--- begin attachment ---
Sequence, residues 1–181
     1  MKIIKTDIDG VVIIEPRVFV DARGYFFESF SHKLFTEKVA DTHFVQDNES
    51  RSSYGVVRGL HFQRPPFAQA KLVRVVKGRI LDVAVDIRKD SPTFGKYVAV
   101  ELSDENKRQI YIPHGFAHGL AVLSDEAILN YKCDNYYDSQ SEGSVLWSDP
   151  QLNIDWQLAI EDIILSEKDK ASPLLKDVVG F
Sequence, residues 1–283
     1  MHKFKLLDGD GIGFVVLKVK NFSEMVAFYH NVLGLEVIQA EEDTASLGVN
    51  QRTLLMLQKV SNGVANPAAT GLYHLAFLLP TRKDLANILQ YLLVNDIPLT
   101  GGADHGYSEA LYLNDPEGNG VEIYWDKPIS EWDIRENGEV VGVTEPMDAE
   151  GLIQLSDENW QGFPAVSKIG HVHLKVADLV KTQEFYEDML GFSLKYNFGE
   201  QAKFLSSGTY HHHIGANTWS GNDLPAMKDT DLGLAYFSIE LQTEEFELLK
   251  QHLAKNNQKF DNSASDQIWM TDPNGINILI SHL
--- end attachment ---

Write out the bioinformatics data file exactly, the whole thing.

Sequence, residues 1–181
     1  MKIIKTDIDG VVIIEPRVFV DARGYFFESF SHKLFTEKVA DTHFVQDNES
    51  RSSYGVVRGL HFQRPPFAQA KLVRVVKGRI LDVAVDIRKD SPTFGKYVAV
   101  ELSDENKRQI YIPHGFAHGL AVLSDEAILN YKCDNYYDSQ SEGSVLWSDP
   151  QLNIDWQLAI EDIILSEKDK ASPLLKDVVG F
Sequence, residues 1–283
     1  MHKFKLLDGD GIGFVVLKVK NFSEMVAFYH NVLGLEVIQA EEDTASLGVN
    51  QRTLLMLQKV SNGVANPAAT GLYHLAFLLP TRKDLANILQ YLLVNDIPLT
   101  GGADHGYSEA LYLNDPEGNG VEIYWDKPIS EWDIRENGEV VGVTEPMDAE
   151  GLIQLSDENW QGFPAVSKIG HVHLKVADLV KTQEFYEDML GFSLKYNFGE
   201  QAKFLSSGTY HHHIGANTWS GNDLPAMKDT DLGLAYFSIE LQTEEFELLK
   251  QHLAKNNQKF DNSASDQIWM TDPNGINILI SHL